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 Post subject: Watercress not growing!
PostPosted: Sep 5th, '17, 08:47 
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Posting on behalf of a friend. He lives outside of Seattle Washington. He tries to grow watercress in a pot (see pic) semi submerged in an outdoor pond with great water circulation. Sun in the afternoon, only a few feeder gold fishes. watercress not growing at all after months. Didn't die but no growth. How come?


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PostPosted: Sep 5th, '17, 11:56 
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Is he giving it any other nutrients, other than what the few goldfish provide?


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PostPosted: Sep 5th, '17, 12:29 
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scotty435 wrote:
Is he giving it any other nutrients, other than what the few goldfish provide?

Quite sure no other nutrients, is watercress a heavy feeder? It's not dying but also no growth at all for something that's supposed to be weed.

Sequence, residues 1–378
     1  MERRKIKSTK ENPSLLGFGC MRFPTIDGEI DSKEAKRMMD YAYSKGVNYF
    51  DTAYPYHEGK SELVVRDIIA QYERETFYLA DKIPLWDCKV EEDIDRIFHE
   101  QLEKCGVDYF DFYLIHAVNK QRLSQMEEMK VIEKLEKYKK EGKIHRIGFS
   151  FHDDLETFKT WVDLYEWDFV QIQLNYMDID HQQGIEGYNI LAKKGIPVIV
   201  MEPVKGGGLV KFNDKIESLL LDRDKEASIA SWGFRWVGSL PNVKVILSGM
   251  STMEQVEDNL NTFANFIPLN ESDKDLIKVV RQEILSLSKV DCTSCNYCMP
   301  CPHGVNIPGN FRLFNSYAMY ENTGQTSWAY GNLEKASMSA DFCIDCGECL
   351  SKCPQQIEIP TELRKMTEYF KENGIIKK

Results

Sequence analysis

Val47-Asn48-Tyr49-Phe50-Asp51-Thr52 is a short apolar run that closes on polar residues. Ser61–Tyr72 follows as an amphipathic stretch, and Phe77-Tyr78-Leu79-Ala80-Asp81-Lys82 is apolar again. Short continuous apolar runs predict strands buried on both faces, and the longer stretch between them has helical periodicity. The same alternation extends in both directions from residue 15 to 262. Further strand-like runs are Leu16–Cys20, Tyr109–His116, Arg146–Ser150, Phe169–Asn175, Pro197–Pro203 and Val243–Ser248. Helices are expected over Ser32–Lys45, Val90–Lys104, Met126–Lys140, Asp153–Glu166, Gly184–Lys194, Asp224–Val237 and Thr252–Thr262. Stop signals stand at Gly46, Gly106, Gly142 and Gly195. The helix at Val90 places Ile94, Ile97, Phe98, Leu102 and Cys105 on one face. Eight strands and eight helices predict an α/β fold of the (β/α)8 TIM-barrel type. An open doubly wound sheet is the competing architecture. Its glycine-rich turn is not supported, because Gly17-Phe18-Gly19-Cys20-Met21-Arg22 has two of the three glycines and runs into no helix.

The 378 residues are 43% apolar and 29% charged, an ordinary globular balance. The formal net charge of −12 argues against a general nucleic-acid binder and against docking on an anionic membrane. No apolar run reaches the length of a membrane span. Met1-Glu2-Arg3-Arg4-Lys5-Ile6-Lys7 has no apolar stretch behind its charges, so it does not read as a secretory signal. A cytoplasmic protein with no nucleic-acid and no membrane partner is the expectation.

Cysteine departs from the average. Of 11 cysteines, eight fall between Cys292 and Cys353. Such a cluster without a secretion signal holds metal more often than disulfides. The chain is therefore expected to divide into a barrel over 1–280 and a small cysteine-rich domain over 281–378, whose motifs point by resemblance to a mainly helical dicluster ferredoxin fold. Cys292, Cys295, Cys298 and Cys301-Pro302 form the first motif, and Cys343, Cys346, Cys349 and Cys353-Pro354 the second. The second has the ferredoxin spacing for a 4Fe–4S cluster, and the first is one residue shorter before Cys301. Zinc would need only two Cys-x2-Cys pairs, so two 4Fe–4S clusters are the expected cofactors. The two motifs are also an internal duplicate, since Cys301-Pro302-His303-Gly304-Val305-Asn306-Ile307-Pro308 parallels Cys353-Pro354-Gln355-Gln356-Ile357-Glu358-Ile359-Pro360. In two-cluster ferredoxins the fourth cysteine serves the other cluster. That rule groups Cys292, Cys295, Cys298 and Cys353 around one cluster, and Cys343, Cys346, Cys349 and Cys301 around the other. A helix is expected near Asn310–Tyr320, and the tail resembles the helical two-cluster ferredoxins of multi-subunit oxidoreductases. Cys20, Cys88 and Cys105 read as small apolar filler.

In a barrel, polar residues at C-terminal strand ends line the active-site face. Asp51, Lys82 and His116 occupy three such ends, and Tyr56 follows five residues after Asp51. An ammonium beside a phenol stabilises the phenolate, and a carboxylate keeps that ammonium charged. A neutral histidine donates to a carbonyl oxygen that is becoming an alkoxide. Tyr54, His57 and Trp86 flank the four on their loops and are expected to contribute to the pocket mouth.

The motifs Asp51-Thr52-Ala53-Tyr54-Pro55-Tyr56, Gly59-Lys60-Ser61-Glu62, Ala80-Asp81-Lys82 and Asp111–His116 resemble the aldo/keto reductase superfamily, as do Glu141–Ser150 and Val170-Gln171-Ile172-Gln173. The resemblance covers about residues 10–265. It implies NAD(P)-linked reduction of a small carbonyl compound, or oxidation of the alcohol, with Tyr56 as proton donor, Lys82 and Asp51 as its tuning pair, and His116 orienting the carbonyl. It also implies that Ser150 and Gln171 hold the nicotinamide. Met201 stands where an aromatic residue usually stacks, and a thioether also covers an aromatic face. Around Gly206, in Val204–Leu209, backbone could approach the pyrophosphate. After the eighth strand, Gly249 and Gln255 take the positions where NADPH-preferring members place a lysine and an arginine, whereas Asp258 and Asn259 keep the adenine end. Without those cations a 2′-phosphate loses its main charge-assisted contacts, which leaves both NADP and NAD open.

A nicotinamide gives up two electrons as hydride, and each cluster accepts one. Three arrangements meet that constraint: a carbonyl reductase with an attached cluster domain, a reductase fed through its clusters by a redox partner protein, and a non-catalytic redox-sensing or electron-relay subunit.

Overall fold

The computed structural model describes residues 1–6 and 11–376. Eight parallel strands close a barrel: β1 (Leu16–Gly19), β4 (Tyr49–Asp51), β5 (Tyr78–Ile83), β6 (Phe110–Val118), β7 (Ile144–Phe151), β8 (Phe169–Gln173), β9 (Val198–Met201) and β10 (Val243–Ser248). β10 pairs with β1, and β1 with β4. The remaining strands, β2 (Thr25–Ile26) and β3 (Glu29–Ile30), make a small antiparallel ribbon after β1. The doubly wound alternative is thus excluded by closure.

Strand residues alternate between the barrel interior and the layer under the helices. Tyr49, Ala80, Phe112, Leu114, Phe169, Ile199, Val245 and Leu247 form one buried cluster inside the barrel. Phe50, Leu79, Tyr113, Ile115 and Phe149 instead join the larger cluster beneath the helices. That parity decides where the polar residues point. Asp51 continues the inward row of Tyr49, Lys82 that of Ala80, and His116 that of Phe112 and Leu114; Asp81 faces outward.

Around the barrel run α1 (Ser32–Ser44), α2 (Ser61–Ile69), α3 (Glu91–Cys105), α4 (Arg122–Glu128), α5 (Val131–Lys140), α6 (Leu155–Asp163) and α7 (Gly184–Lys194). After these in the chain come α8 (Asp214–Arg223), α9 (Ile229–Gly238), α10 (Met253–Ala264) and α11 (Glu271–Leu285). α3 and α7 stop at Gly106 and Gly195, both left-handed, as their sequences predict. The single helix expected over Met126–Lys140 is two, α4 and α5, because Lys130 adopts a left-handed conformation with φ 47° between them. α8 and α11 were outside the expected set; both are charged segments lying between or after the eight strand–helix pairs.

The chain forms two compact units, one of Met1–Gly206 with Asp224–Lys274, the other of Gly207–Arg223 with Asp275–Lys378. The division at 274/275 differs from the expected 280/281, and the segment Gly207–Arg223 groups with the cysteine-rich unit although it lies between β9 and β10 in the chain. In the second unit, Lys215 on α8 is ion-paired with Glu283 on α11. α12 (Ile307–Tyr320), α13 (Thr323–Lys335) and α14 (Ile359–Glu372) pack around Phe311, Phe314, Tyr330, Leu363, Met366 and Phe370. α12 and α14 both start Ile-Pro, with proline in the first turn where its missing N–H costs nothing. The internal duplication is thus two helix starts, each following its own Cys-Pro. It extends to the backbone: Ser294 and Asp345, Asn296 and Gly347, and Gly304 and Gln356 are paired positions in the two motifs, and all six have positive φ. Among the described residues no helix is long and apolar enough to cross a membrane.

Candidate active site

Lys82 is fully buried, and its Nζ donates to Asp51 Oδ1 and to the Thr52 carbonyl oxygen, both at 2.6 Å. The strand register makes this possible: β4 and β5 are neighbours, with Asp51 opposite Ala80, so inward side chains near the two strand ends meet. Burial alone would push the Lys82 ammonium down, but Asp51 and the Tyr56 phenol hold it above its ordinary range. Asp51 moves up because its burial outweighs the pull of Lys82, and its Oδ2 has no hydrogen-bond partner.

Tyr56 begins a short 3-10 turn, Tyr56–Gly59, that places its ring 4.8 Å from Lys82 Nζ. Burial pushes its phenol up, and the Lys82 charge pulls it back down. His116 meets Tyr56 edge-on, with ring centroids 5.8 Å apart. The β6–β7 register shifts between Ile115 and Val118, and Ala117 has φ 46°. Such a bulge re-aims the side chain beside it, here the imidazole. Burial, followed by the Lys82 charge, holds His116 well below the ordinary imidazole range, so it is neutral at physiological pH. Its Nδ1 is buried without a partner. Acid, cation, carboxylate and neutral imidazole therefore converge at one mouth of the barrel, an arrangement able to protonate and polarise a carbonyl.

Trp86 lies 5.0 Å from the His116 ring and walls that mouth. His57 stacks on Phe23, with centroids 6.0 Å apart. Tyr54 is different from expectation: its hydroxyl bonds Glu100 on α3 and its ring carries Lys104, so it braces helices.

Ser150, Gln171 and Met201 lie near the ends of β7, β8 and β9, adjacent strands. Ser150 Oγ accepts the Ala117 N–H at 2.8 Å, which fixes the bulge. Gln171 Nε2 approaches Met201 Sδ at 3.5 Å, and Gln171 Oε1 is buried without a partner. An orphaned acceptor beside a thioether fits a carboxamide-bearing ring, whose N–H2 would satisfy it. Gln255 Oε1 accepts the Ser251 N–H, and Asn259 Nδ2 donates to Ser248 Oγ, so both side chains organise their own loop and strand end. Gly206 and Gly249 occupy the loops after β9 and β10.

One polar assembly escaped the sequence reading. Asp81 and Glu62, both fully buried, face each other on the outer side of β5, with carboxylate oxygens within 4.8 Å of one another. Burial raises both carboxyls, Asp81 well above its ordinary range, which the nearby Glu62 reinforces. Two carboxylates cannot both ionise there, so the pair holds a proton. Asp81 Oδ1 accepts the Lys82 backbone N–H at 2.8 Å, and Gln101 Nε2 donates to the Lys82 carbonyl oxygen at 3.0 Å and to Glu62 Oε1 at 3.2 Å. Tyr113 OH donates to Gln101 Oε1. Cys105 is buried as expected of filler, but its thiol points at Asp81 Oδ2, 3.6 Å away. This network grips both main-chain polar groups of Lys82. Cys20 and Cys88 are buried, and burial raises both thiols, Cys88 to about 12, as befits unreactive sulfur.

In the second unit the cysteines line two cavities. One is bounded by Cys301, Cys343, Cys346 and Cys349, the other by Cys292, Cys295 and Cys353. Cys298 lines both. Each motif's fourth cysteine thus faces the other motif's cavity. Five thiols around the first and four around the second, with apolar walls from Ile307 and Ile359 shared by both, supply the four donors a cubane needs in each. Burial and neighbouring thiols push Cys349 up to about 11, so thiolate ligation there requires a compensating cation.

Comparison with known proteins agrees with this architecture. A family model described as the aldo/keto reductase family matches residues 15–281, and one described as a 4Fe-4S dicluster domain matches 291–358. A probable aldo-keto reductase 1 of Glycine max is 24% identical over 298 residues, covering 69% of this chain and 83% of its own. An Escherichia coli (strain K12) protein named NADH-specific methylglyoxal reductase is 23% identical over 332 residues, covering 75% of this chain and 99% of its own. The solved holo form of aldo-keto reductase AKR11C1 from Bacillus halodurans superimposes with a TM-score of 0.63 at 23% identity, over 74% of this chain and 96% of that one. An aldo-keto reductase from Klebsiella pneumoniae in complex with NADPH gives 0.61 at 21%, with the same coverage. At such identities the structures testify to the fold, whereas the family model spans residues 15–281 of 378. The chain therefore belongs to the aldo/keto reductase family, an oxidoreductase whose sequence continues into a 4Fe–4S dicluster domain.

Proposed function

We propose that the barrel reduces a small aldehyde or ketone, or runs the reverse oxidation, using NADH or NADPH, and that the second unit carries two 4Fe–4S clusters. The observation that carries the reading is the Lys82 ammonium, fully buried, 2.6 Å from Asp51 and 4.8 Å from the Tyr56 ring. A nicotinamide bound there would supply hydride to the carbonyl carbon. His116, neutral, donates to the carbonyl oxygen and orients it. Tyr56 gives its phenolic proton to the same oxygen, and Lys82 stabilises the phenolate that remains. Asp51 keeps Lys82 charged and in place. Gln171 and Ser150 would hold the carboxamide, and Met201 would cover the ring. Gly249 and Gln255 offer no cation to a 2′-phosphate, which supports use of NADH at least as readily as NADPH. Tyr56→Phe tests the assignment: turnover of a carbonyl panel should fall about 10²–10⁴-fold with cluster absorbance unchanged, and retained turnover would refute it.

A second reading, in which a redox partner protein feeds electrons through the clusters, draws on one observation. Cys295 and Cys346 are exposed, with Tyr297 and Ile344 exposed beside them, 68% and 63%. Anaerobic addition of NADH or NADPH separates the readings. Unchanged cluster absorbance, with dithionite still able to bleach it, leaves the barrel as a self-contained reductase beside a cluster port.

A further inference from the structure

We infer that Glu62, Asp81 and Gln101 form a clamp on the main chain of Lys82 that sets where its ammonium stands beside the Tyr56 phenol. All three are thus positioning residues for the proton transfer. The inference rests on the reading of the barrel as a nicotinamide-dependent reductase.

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PostPosted: Sep 5th, '17, 13:59 
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I'm not sure of it's feeding requirements but I'm just thinking that if it's not growing it's probably not getting everything it needs, even though it looks healthy. I've grown upland cress in AP grow beds but never watercress. If your friend has some nitrate fertilizer or some blood and bone meal and is willing to add just a bit to the tray that might help it get going.

Judging by the number of leaves, I think the water lily might be able to do better also but it could just be the variety. Water lilies are heavy feeders so it might be sucking up most of the nutrients.